I could find essentially nothing about Marshall ND.  But looking around GE, I saw a Panaramio shot about 3 miles ENE of my landing, just north of Marshall.  Of course, I clicked on it.  Here’s what I saw (posted by “Center for Heritage”):

pano center for heritage

The photo was entitled “Gjermundson Profile.”  I assumed that Gjermundson was the artist.  Wrong.  It turns out that Gjermundson is the guy on the horse!  More about that in a minute, but first, this StreetView shot on Route 8 headed north out of Marshall:

ge streetview n on rt 8 gjermundson

Is that cool or what?  Almost worth a trip . . .

So, here’s a quick word on Mr. Gjermundson and why he is worthy of a cool silhouette sculpture (excerpts from a Bismark Tribune article from January 2012 entitled “A Champion Looks Back,” by Brian Gehring):

MARSHALL – If you met Brad Gjermundson on the street or in a cafe and didn’t know better, you probably wouldn’t guess he’s a world champion.

The 52-year-old is that kind of man – soft-spoken, a tad bit on the shy side and humble.

The fact is Gjermundson is a four-time professional world champion saddle bronc rider who won his first professional championship at age 22.

Gjermundson arguably is the most famous cowboy from North Dakota. He even had a day named for him back in the ’80s, although he said he doesn’t exactly remember when.

“I should keep better track of things like that,” he said over a cup of coffee in his kitchen recently.

His home, fittingly [in Marshall], is at the end of a stretch of gravel road in Dunn County – Rodeo Road West, to be precise.

The road was named when his mother, Sharon, was postmistress at Marshall.

Gjermundson’s road to the top of the ranks of professional rodeo is about as North Dakota as it gets.

Growing up on the family ranch near Halliday, Gjermundson did what other kids in western North Dakota took part in; show-dee-os, saddle club and later competed in local rodeos in Killdeer, Dodge, Richardton and the surrounding area.

He turned that experience (and a lot of practice) into a pair of North Dakota High School Rodeo Association saddle bronc titles in 1976 and 1977 and the all-around championship in 1977.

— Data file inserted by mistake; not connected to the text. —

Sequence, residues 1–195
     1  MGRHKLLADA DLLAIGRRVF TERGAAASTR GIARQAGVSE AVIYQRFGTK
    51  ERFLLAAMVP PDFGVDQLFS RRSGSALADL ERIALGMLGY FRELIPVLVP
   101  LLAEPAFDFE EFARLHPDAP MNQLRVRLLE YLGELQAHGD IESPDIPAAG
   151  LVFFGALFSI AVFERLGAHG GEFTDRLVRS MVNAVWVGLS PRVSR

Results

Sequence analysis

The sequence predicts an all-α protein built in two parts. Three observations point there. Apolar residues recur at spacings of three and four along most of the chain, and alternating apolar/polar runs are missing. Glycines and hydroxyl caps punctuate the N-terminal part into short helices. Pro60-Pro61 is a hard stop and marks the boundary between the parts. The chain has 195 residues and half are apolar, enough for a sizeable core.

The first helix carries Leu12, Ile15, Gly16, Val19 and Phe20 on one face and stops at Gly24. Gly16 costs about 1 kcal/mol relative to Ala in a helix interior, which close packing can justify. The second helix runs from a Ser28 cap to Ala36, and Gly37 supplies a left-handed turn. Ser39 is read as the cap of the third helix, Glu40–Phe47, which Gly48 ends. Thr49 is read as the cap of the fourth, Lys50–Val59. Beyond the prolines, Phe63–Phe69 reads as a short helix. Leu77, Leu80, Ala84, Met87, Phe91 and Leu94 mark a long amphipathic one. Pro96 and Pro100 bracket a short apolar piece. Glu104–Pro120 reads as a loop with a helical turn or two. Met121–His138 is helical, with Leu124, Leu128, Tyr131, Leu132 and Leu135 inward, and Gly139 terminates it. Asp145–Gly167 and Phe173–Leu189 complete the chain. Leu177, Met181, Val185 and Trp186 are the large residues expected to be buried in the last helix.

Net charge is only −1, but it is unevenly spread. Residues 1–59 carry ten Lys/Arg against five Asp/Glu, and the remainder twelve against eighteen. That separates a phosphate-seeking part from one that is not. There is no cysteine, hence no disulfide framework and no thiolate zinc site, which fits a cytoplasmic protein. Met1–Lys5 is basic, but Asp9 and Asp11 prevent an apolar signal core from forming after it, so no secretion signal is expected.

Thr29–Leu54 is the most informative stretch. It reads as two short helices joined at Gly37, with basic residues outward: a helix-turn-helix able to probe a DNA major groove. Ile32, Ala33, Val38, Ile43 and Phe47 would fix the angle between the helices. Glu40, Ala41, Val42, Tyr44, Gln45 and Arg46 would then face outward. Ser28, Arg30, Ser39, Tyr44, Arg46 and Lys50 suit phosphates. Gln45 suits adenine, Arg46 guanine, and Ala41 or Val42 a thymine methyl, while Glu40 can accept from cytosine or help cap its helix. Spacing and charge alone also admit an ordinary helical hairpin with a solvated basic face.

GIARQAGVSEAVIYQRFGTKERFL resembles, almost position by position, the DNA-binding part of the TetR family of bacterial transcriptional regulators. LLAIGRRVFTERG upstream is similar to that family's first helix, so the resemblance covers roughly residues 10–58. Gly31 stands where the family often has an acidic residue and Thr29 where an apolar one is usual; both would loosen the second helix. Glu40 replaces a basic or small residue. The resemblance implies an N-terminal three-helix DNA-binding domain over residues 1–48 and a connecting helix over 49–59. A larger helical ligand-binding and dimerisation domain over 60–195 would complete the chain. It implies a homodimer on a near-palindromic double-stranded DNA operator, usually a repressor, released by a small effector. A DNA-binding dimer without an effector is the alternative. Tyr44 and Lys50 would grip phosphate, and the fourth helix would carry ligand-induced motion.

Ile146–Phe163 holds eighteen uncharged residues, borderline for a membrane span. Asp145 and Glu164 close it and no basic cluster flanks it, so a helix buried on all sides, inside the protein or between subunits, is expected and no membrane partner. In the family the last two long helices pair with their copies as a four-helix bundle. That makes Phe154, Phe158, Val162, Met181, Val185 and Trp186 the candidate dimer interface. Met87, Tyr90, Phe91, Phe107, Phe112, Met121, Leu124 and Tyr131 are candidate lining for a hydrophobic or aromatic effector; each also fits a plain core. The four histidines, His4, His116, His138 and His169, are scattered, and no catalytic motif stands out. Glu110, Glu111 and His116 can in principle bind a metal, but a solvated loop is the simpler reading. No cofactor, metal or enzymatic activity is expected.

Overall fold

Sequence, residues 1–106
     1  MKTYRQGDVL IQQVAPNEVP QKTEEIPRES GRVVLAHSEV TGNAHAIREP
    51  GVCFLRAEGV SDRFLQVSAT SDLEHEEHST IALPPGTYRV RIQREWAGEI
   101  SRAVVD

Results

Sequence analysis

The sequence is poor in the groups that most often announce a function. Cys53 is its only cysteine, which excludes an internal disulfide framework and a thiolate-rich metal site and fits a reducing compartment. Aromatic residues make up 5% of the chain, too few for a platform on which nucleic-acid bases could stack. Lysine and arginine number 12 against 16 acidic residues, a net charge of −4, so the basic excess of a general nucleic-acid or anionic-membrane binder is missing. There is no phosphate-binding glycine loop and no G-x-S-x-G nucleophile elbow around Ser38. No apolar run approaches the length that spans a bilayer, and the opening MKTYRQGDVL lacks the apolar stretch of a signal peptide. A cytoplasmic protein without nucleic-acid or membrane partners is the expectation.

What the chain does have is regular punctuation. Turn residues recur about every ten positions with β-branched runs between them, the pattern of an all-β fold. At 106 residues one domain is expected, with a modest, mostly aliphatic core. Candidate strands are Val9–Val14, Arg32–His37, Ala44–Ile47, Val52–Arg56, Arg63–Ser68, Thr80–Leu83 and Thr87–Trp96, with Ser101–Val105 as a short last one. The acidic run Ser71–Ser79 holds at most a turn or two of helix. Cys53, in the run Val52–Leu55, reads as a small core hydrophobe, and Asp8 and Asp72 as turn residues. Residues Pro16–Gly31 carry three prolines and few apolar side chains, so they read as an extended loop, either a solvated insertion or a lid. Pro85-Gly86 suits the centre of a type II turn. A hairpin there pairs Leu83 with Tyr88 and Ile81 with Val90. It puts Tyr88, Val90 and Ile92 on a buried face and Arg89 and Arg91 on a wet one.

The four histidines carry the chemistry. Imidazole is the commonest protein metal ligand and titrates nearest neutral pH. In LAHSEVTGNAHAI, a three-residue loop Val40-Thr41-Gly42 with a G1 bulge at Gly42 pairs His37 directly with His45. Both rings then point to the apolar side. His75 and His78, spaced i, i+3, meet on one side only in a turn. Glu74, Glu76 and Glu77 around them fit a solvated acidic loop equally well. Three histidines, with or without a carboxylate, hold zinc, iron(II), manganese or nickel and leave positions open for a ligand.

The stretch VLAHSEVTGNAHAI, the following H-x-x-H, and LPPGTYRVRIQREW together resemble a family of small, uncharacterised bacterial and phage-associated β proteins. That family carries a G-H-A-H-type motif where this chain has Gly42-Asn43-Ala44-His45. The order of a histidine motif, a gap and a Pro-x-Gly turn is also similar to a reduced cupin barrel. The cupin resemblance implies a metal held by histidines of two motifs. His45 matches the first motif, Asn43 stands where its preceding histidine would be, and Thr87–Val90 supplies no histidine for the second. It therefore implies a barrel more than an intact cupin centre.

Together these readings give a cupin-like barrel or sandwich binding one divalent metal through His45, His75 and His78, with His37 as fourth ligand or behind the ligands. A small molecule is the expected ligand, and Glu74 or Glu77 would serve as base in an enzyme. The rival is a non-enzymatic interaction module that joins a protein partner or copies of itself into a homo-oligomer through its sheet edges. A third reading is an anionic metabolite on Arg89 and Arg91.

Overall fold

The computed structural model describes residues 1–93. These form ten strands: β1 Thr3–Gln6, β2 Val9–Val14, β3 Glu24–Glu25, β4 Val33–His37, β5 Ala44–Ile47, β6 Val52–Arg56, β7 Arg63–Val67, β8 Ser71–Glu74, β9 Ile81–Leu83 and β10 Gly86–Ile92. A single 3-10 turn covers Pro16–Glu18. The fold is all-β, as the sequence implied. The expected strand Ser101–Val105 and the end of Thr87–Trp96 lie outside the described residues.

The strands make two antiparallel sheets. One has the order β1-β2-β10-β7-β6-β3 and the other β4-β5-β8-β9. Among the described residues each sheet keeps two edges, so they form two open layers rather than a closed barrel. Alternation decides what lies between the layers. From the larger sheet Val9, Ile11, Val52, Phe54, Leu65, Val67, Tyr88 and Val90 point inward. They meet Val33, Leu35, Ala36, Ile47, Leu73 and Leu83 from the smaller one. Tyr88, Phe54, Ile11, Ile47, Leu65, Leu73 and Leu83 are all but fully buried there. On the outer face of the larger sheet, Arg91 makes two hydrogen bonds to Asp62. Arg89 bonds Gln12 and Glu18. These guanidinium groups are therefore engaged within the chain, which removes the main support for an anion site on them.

He earned the rookie of the year honor in the North Dakota Rodeo Association during his freshman year in college and turned pro in 1980.

In 1981, the same year he won the college championship, Gjermundson won his first world title in his rookie year. Gjermundson led the saddle bronc from start to finish in 1981, riding in 130 rodeos.

“I won Houston, that was $8,000 … back in 1981, that was a year’s wages,” he said.

In 1982, Gjermundson competed in 155 events and came in second in what may have been his best year, at least money-wise, he said, earning about $95,000.

Gjermundson won his last three titles in consecutive years, 1983-85, and said maybe the most rewarding win came in 1984.

“I won it by $500 and it came to the last horse and the last ride at the finals,” he said.

That season, Gjermundson said, he finished strong, winning 15 rodeos in a row down the stretch.

Baird [from the ND Cowboy Hall of fame] said technically, Gjermundson maybe had the soundest fundamentals of anyone he has seen before, or since.

“He had the fastest feet in the business,” Baird said. He said Gjermundson also had some of the best reaction and instinct skills of anyone.

“Everyone said you have to watch this kid,” Baird said.

In 1984, he married Jackie Brown, a school teacher, and lived on her family’s ranch near Keene. In 1987, he bought his ranch near Marshall.

He was inducted into the North Dakota Sports Hall of Fame in 1995, the Pro Rodeo Hall of Fame in 1995 and the North Dakota Cowboy Hall of Fame in 1990 in the modern-era rodeo category.

Baird said young cowboys learn a lot from the likes of Gjermundson not only in the saddle, but out of it as well.

“He put North Dakota on the map and cleared a path. Future champions can look to him, he’s set the mold,” Baird said.

“You have to be yourself. There are good days and bad days … once you think you have things figured out, things change,” Gjermundson said.

“When you’re successful, it’s easy to keep doing what you’re doing … I was lucky enough to make a living at what I loved doing.”

Here’s a picture of Brad the Pro Rodeo Hall of Fame:


By the way, I tried to find out who produced the silhouette, but strangely, I couldn’t. . .  

As my regular readers could likely guess, I’m not a westerner and have no particular connection to the sport of rodeo.  But reading about Brad makes me realize that rodeo is like any sport:  incredible hours of practice plus special physical capabilities plus the right mental make-up . . .  equals success.

I’ll close with a couple of shots taken from the location of the Brad Silhouette, both from the ND State University Center for Heritage Renewal:  First, this view looking down on Marshall (and the bridge over the Knife River):

ndsu center for heritage renewal

Here’s another, looking a little more towards the west, showing the Knife cutting like a, uh, knife, through a hillside:

ndsu center for heritage renewal (2)

That’ll do it.




© 2014 A Landing A Day